3 Skills You Can Teach Your Preschooler in an Hour or Less

You’re stranded at home on a rainy, snowy, or sick day with your preschooler and wondering what to do. Why not take advantage of this opportunity to teach him or her a useful life skill that she’ll need to learn eventually anyway? The following skills are things that can normally be taught to your preschooler in an hour or less. Your preschooler will feel a sense of accomplishment; you’ll have fun together, and you can pat yourself on the back for helping your child achieve another important milestone.

Tying Shoes

By the time your child is about four, she likely has the fine motor skills necessary to learn how to tie her shoes, and you can teach her how to do it in an hour or less. Get some fun-colored shoe laces that are slightly wider than normal. These are easier for little hands to manipulate. First show her how to tie a knot. This is the simplest part of shoe-tying and with a few repetitions she should begin to understand. Next, for tying the bow, try the “bunny ears” approach. Have her make two separate loops and then tie those into another knot. This is a useful shortcut and is much easier for preschoolers to learn than the traditional shoe-tying techniques. Once she’s begun to get the hang of it, encourage her to tie her own shoes and show off her shoe-tying skills to other people. Repetition is the best way to learn a skill like tying shoes, so the more opportunities you give her to show off, the more quickly she’ll learn!

Learning His or Her Phone Number

Knowing his phone number is an important skill for all preschoolers to learn and critical for safety in an emergency. One of the simplest ways to teach this skill is to turn his phone number into a song. Sing the phone number together like a nursery rhyme until he’s memorized it, and then explain to him that this is an important way for people to get in touch with each other. If he’s beginning to recognize numbers, you can also practice dialing his own phone number with him once he has it memorized.

Writing His or Her Name

Learning to write her name doesn’t require her to understand letter sounds, or even to know her ABC’s. The only prerequisite for your child to learn to write her name is that she needs to understand how to draw a line and how to draw a circle. Teach her one letter a day until she’s got the whole thing down, and then show her how to combine it.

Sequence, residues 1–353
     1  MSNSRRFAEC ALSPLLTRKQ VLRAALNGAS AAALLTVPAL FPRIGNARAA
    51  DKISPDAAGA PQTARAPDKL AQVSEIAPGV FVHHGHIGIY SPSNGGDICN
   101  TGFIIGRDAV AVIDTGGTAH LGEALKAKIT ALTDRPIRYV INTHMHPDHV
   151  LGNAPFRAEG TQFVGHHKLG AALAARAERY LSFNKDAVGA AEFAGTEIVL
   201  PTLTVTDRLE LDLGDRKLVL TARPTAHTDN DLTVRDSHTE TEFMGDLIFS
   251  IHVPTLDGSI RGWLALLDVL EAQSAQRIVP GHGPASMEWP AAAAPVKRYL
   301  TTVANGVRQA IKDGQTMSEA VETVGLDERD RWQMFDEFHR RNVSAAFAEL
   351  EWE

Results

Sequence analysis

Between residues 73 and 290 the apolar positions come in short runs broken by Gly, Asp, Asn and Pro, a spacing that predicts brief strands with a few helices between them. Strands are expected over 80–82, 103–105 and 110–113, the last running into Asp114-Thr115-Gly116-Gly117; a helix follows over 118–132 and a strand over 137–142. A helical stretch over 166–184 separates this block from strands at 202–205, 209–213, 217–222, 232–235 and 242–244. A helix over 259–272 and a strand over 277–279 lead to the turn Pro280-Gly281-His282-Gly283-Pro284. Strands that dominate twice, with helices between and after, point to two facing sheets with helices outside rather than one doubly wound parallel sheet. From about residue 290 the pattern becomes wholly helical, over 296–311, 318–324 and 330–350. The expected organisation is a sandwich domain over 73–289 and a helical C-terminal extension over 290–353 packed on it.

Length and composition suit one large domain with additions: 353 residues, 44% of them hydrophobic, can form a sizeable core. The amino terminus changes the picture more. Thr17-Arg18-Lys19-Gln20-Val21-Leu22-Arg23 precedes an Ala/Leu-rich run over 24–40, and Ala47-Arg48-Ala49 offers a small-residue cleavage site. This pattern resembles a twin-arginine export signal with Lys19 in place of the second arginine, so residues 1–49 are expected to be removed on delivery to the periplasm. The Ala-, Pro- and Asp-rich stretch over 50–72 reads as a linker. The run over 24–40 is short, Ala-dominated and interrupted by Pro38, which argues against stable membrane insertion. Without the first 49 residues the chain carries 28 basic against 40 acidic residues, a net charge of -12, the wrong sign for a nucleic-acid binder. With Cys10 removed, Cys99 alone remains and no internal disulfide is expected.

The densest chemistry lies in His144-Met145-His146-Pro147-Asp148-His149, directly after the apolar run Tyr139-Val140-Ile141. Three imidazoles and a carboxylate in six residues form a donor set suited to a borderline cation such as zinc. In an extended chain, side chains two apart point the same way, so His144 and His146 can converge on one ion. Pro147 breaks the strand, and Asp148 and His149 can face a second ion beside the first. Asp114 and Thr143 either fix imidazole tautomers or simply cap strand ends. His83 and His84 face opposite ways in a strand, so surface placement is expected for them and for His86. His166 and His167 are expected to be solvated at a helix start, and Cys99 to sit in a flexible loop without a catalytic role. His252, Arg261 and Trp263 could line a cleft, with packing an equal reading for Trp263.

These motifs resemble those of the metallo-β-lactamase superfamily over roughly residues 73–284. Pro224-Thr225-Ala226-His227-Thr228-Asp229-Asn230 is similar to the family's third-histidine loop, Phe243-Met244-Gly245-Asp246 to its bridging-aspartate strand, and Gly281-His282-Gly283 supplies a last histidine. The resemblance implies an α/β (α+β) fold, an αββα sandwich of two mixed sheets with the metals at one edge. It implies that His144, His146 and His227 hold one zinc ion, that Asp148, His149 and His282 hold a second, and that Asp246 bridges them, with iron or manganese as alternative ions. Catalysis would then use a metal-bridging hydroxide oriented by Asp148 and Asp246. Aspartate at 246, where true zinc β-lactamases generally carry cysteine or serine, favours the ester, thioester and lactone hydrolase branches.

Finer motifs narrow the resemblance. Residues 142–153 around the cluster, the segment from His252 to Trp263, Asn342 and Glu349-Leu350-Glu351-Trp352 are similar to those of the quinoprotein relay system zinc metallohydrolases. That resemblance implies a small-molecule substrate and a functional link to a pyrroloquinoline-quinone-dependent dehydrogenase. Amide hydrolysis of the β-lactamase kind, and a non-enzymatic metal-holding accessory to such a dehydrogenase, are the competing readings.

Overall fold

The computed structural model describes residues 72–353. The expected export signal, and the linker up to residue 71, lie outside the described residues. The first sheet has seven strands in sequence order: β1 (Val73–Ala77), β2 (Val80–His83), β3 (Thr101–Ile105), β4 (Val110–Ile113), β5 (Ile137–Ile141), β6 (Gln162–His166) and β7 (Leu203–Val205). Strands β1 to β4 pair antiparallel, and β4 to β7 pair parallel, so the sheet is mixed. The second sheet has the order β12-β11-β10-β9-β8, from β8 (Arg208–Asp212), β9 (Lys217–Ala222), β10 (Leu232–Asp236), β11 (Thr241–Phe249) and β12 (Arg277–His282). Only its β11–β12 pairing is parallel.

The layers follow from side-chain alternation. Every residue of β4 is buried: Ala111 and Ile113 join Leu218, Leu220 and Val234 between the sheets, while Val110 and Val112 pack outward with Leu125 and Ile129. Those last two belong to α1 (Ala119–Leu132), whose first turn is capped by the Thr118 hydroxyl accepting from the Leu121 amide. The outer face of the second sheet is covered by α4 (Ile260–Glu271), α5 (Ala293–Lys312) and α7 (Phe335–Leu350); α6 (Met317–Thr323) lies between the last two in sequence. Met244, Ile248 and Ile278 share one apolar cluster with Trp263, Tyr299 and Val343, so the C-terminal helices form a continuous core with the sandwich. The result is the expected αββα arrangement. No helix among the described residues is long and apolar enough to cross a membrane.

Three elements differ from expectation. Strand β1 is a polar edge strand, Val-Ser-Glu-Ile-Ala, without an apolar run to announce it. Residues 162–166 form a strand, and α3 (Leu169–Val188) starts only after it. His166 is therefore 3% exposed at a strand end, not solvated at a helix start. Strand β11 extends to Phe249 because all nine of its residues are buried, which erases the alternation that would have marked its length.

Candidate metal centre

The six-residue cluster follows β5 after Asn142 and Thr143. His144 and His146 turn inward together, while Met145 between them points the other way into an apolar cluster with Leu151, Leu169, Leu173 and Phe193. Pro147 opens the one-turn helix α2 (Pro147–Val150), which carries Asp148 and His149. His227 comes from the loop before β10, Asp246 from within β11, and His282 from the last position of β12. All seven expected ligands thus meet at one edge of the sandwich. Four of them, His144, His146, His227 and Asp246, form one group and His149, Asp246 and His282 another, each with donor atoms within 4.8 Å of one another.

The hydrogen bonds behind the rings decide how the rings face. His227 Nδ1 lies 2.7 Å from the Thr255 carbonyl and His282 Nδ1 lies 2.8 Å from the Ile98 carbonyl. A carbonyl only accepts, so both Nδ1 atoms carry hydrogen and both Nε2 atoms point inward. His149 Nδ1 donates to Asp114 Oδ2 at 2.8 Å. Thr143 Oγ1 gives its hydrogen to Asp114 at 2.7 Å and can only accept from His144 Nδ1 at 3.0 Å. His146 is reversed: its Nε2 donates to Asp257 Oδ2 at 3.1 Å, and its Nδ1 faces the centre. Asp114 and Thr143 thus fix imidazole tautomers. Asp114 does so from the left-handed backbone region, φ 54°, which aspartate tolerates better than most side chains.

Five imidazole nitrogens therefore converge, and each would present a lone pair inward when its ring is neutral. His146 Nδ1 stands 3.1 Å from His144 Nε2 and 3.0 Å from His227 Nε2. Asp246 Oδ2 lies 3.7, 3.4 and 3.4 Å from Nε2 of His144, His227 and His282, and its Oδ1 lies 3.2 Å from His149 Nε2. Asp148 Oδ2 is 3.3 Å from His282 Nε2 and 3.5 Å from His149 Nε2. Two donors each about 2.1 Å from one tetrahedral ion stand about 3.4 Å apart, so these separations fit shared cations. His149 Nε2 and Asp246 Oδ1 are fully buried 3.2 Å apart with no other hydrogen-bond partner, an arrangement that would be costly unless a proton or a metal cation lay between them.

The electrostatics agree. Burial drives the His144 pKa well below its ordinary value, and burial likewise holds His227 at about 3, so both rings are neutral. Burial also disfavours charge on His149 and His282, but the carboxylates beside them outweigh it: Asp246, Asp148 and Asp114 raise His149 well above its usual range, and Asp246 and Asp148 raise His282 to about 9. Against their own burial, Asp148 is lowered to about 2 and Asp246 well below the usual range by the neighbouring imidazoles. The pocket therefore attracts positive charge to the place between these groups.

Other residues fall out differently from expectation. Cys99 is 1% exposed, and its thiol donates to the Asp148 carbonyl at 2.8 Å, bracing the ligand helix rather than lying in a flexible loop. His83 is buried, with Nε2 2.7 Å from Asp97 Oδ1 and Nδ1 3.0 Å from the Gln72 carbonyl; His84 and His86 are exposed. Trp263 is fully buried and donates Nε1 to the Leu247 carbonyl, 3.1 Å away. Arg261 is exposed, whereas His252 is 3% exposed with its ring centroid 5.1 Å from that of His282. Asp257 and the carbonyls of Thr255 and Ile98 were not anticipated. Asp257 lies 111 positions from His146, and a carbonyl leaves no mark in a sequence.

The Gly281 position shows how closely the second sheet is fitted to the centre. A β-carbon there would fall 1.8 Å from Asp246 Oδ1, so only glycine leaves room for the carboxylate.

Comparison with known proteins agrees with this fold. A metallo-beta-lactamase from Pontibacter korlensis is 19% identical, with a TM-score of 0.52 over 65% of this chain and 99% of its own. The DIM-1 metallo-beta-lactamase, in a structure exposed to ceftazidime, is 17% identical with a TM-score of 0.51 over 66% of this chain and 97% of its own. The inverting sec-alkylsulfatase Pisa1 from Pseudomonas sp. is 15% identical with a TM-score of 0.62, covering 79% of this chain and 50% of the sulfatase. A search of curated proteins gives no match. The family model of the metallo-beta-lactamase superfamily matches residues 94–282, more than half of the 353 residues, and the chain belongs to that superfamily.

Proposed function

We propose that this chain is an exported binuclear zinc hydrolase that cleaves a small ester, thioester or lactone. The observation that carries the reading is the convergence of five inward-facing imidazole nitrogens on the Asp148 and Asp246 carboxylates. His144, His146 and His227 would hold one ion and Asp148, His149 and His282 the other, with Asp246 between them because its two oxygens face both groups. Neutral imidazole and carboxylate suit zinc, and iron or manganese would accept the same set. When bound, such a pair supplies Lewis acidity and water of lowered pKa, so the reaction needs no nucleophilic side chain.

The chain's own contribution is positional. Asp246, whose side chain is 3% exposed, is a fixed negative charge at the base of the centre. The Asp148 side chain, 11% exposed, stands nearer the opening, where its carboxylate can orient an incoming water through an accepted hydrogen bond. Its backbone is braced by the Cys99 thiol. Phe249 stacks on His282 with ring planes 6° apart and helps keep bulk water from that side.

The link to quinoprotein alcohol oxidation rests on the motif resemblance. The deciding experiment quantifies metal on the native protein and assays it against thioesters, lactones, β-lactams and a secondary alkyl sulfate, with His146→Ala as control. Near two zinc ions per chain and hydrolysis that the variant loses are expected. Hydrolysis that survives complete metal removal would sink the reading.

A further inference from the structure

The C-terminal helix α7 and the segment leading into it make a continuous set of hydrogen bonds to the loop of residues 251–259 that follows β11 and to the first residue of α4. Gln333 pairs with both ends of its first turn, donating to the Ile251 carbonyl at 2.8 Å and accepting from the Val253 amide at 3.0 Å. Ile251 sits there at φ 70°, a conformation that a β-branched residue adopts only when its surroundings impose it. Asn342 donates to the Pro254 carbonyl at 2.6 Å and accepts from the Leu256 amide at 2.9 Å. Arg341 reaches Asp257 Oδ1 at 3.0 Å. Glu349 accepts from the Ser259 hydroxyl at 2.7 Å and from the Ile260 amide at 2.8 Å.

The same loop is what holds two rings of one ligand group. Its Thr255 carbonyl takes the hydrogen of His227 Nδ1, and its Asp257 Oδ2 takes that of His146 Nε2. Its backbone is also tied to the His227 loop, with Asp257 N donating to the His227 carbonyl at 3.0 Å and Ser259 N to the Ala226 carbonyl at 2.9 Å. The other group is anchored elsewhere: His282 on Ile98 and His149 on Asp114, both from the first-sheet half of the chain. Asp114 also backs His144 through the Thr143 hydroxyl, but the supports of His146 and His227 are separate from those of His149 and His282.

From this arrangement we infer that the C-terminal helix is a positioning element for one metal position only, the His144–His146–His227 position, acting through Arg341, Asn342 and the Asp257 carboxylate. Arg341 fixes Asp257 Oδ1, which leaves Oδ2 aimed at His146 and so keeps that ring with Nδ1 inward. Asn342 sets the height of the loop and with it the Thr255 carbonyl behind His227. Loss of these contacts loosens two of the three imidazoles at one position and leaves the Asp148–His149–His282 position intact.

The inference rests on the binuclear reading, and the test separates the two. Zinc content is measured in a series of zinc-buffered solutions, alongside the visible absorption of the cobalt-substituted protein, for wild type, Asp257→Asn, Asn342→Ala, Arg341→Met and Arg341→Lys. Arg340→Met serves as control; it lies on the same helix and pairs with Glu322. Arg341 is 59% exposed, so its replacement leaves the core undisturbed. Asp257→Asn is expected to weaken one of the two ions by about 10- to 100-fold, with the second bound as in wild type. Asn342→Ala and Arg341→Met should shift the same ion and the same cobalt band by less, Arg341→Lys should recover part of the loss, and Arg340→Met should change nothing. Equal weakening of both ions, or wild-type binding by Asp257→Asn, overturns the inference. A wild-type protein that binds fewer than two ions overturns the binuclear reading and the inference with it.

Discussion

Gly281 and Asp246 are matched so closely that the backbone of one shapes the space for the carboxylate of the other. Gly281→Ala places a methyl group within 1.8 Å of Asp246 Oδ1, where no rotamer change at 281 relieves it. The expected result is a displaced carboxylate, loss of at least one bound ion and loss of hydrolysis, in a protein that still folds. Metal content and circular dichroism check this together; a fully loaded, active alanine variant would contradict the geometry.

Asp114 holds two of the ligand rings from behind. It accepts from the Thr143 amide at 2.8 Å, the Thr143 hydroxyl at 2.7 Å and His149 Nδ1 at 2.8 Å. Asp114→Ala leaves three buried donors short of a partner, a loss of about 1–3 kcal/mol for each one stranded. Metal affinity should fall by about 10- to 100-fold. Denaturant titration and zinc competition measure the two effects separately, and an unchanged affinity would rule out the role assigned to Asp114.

Most kids are excited to learn to write, so your child will probably be eager to learn this important skill. If she’s a bit more hesitant, however, give her some cool crayons, markers, or finger paints and turn it into an art project. She can even draw faces on the letters after she’s drawn them! Break each letter down into smaller component parts, and have her draw the parts individually and then work on combining them. Letters are just a combination of circles, dots, and lines, so breaking letters down makes learning them much less intimidating. Don’t worry about handwriting or getting the letters just right. It’s even ok if she draws them backwards at first. The key is for her to begin to master writing her name, and the specifics can come later.

The preschool east gwillimbury is one such school for kindergartners that also teaches the above things in a more detailed manner.


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Dawn Malicdem is a graduate of AB Communication Arts in De La Salle University. She is a media enthusiast, journalist and a photographer. She also plays golf during her free time.